'Plus, we like the portability of Java to various operating systems,' Colburn said. 'Visual Basic would tie us to the [Microsoft] Windows platform.'

In January, Colburn's group contracted with Netron Inc. of Toronto to design the Time and Attendance subsystem while Business Center employees worked on the employee history portion. 'We wanted to put something into the users' hands quickly to try,' Colburn said.

Netron delivered its portion on Feb. 25, and after a few modifications, turned it over to testers at the Denver center on May 19.

The center developers have finished the Web version of the employee history subsystem, which will be turned over to testers later this summer.

Colburn's group expects to finish collecting feedback and wrap up the proof of concept by the end of November.

Although the switch was smooth for most users, a few longtime mainframe users have been 'uncomfortable with the change because it's a change, or because they're not Windows users,' Colburn said.

After reviewing the proof-of-concept comments, center programmers will take about 12 to 18 months to finish Web-enabling FPPS.

A worker can use the Web version of FPPS even for screens that don't yet have a graphical interface, Colburn said, because the mainframe screen pops up in a window.

Back and forth

If the user subsequently enters a command for which there is a Web interface, it pops up in a separate window.

'Users don't like to have two different systems,' Colburn said. Until all the mainframe screens are converted, Web FPPS will automatically switch users back and forth between the mainframe and the graphical interfaces.

The sequence of FPPS commands is identical in both mainframe and Web versions. The point-and-click capability, however, speeds up use in the Web version.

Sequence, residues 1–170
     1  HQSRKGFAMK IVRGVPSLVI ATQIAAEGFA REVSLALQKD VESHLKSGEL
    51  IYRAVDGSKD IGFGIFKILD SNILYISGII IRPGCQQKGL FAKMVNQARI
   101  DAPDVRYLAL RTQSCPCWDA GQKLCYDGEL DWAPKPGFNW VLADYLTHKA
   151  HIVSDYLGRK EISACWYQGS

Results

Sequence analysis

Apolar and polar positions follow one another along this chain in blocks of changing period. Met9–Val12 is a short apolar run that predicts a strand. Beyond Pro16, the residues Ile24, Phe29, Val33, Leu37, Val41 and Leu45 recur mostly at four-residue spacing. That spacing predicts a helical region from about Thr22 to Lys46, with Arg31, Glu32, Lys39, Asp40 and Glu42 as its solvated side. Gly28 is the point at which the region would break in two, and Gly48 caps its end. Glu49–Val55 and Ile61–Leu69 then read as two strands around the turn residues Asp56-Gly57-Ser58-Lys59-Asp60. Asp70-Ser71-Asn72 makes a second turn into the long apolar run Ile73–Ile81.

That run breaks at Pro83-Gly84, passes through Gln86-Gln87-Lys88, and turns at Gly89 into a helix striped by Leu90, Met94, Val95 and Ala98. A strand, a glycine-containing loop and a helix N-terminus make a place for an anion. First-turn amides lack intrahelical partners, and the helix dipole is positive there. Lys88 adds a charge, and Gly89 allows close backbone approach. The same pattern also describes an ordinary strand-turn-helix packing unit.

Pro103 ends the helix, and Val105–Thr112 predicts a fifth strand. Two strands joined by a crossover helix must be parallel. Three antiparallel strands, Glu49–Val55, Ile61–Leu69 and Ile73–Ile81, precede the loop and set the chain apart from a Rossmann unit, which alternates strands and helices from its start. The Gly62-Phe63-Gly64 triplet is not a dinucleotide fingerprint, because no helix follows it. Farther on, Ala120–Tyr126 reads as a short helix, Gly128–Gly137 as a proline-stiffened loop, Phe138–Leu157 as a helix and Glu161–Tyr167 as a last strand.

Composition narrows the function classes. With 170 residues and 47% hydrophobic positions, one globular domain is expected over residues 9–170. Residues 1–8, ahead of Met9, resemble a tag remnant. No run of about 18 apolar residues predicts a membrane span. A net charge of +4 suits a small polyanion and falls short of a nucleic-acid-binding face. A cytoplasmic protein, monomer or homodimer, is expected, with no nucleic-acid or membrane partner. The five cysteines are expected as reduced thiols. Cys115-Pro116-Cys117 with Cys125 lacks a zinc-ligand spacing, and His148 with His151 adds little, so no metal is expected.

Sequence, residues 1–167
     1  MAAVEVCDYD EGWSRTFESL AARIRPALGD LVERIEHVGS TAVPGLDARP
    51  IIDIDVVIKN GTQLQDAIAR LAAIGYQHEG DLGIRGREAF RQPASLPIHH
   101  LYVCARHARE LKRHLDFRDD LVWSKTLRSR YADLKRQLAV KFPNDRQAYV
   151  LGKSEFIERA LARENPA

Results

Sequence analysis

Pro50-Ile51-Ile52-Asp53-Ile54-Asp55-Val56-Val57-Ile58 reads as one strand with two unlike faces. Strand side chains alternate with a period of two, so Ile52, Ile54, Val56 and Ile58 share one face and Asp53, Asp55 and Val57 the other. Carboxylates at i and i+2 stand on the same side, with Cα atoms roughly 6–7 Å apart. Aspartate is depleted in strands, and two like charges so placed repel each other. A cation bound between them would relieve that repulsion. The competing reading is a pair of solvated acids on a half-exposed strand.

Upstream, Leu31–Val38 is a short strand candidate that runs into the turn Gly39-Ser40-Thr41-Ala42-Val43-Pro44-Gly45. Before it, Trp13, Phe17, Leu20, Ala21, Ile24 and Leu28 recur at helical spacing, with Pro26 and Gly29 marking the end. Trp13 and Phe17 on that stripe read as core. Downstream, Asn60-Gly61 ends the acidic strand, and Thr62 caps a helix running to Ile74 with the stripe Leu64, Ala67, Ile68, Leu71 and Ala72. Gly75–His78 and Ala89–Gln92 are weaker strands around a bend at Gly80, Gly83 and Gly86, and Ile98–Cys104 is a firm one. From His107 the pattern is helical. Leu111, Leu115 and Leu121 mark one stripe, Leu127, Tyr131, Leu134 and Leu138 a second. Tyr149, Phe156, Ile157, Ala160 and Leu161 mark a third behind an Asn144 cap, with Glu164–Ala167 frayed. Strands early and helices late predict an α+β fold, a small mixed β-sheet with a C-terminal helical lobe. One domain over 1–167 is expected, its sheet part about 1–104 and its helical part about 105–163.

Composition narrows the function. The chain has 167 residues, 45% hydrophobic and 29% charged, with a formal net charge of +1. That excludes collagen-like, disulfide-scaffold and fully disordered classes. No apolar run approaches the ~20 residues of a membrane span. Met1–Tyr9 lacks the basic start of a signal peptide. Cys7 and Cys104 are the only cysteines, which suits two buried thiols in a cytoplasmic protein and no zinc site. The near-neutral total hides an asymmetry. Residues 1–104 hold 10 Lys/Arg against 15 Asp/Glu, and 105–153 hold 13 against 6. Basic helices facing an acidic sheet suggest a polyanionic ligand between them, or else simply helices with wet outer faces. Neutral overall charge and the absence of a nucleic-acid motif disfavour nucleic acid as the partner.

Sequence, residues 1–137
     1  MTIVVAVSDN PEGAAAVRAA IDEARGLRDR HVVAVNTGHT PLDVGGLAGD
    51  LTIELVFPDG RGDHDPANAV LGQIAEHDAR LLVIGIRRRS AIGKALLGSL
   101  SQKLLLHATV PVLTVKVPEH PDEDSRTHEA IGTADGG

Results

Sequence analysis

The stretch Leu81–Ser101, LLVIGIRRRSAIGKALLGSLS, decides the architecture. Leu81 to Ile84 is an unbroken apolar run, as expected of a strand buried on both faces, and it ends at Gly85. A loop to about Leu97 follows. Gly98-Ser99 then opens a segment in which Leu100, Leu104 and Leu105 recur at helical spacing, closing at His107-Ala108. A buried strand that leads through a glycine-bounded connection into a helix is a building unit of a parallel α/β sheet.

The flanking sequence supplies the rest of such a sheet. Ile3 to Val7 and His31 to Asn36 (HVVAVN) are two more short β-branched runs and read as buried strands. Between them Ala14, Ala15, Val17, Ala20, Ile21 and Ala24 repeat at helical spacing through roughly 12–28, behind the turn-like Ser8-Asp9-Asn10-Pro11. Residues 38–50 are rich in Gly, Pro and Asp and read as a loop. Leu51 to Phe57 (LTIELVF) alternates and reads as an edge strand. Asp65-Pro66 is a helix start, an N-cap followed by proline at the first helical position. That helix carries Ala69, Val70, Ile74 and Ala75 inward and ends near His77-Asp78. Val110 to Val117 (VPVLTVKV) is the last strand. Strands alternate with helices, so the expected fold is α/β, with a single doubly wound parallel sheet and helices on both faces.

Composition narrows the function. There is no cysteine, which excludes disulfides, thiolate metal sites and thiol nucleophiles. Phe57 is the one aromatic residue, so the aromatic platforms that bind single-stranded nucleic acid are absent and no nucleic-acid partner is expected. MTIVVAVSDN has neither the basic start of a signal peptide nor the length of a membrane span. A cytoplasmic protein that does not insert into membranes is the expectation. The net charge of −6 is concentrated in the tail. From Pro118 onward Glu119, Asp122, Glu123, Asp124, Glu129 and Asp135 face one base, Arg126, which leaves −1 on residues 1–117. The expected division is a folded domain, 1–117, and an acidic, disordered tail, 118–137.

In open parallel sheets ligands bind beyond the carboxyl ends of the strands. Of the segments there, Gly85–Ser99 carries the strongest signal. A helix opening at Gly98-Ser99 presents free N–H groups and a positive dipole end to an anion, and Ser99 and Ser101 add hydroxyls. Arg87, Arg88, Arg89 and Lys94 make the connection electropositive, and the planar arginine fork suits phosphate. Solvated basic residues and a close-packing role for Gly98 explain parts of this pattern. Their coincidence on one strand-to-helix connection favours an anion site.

To skip over questions on a mainframe screen, users must scroll down with the arrow keys. In a browser, they use a mouse to pull down menus and click on items.

Colburn said his staff is developing computer-based training for FPPS novices who can learn the payroll system from either a CD-ROM or a Web tutorial.

'What impressed us about Jacada's products was that once you make your initial investment, you move quickly,' Colburn said.

Business Center programmers are also beefing up FPPS' online help with RoboHelp software from eHelp Corp. of La Jolla, Calif., Colburn said. It resembles the help function in Microsoft Word.

Users access FPPS over their agency intranets. The mainframe system already has extensive built-in security to check user names, passwords and levels of permitted access to data.

Completely rewriting FPPS to make it a native client-server application would have cost about $27 million, Colburn said.

The estimated cost of Web FPPS is $3 million. Spread out over five years, the price tag comes to $3.33 per year for each employee whose records are stored in the system, he said.